- an augur of ancient Rome.
Origin of auspex
- Usually auspices. patronage; support; sponsorship: under the auspices of the Department of Education.
- Often auspices. a favorable sign or propitious circumstance.
- a divination or prognostication, originally from observing birds.
Origin of auspice
Examples from the Web for auspices
Surely you could visit these places independently outside of the auspices of a group, I say to Lear.Adventures in Gay History With Oscar Wilde
June 11, 2014
The discussion was held under the auspices of two Members of Knesset, Tamar Zandberg and Dov Henin.Toward a WMD-Free Zone in the Middle East
October 28, 2013
Nor, despite being hosted under the auspices of a think-tank, did the evening revolve around scholarship.Mr. Lieberman Goes To Washington
December 3, 2012
We have grown up under the auspices of an industrial food chain that is one and a half centuries old.How Corn Got So Sweet
August 25, 2009
Having got the promise of them from Agesilaus, he proceeded to take the auspices.Hellenica
It will be an advantage to him, in a way, to have sung under the auspices of our committee.The Dominant Strain
Anna Chapin Ray
Do we not serve under Aemilius Paullus and his Illyrian auspices?The Lion's Brood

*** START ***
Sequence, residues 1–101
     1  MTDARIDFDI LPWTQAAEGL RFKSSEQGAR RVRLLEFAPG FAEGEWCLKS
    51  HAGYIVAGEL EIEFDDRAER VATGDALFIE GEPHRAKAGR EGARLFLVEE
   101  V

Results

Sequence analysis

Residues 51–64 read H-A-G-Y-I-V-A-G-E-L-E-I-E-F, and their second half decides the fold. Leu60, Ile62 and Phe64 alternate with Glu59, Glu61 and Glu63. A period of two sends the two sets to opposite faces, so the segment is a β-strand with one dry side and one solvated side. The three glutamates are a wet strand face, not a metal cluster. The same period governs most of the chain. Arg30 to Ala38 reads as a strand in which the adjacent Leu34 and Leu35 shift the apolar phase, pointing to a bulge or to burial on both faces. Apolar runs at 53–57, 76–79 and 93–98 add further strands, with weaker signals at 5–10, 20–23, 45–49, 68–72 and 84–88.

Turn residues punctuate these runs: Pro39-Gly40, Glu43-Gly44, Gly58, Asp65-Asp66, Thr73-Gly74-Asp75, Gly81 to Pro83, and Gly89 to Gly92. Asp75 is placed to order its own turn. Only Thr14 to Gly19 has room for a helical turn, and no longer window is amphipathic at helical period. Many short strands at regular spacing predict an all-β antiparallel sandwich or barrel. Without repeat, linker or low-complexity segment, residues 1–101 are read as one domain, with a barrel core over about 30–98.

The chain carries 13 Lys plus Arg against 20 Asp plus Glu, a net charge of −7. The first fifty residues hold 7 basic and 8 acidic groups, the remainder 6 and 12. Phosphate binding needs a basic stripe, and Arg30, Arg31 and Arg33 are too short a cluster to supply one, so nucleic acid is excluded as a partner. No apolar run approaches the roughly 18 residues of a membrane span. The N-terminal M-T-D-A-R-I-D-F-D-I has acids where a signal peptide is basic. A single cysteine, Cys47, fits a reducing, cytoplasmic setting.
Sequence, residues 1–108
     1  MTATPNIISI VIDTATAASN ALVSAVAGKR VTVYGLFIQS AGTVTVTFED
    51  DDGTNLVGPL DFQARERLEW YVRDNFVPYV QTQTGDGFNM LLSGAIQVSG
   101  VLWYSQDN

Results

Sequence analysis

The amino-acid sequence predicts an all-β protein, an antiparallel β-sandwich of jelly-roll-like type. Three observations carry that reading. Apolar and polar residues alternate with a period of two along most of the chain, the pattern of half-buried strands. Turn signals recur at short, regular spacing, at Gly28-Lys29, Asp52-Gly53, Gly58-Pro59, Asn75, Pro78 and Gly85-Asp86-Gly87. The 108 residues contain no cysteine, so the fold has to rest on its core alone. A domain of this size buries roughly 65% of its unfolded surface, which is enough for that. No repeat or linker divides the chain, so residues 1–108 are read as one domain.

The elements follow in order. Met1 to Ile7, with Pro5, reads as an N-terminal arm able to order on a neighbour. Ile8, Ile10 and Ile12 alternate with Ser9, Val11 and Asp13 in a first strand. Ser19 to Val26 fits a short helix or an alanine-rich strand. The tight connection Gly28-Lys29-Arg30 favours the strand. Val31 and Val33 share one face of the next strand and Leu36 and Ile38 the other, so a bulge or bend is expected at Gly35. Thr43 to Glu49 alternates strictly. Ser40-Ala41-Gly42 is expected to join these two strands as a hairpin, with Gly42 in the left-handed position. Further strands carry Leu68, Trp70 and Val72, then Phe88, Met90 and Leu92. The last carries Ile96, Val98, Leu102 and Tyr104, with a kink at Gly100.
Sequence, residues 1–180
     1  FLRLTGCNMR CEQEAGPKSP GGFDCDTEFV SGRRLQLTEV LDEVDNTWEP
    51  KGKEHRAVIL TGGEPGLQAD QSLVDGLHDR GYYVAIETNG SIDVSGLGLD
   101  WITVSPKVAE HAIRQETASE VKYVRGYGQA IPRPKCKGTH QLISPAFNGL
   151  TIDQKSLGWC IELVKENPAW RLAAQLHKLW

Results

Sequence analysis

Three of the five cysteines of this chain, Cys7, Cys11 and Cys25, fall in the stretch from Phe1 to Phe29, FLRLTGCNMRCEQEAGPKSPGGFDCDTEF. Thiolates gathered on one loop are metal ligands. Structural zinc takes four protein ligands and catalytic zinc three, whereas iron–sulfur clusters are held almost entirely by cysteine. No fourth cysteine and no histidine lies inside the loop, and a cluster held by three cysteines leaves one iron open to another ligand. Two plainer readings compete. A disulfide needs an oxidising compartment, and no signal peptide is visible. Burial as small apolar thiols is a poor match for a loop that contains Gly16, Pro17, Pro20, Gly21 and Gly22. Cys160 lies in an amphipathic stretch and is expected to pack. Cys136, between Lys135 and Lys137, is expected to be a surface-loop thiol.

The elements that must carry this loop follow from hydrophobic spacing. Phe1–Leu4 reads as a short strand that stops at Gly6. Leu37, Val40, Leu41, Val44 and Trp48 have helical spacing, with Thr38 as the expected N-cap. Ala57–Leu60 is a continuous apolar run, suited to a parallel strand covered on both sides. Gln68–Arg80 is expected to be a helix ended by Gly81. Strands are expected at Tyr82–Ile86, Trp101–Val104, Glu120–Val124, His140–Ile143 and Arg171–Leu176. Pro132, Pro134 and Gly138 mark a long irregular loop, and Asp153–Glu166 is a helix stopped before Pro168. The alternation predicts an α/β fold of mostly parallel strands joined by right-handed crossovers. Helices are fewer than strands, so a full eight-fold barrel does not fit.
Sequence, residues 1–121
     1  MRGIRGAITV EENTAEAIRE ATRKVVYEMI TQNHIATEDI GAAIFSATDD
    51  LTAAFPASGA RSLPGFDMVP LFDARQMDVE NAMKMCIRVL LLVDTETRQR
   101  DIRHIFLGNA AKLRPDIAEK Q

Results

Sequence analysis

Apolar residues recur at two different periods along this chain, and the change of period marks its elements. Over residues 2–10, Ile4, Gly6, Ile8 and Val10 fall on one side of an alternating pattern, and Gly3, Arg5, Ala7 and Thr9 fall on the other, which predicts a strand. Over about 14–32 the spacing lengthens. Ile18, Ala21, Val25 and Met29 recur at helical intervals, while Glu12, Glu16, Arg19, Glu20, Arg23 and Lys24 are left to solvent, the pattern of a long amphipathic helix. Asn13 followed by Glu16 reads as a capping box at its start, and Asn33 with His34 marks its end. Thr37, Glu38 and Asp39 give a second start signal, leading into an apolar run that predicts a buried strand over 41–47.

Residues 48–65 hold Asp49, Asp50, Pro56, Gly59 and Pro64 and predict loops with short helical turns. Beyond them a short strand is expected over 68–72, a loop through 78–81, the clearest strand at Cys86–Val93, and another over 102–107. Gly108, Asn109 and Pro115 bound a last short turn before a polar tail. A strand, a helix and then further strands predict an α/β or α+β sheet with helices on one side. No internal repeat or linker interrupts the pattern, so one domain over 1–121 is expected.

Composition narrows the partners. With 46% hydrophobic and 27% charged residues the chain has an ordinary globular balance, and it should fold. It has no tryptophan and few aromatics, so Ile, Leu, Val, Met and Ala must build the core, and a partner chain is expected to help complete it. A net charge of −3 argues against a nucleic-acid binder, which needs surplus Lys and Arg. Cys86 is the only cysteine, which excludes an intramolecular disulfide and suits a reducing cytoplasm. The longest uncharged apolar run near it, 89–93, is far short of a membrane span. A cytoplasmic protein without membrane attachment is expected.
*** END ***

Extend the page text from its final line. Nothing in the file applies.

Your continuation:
They starved, or they performed or exhibited 'under the auspices of.'The Master-Knot of Human Fate
The auspices ceased to be taken at marriages from the time of Cicero.Folkways
William Graham Sumner
- Roman history another word for augur (def. 1)
- (usually plural) patronage or guidance (esp in the phrase under the auspices of)
- (often plural) a sign or omen, esp one that is favourable
Word Origin and History for auspices
plural (and now the usual form) of auspice; 1530s, "observation of birds for the purpose of taking omens," from French auspice (14c.), from Latin auspicum "function of an auspex" (q.v.). Meaning "any indication of the future (especially favorable)" is from 1650s; earlier (1630s) in extended sense of "benevolent influence of greater power, influence exerted on behalf of someone or something," originally in expression under the auspices of.
1590s, "one who observes flights of birds for the purpose of taking omens," from Latin auspex "interpreter of omens given by birds," from PIE *awi-spek- "observer of birds," from *awi- "bird" (see aviary) + *spek- "to see" (see scope (n.1)). Connection between birds and omens also is in Greek oionos "bird of prey, bird of omen, omen," and ornis "bird," which also could mean "omen."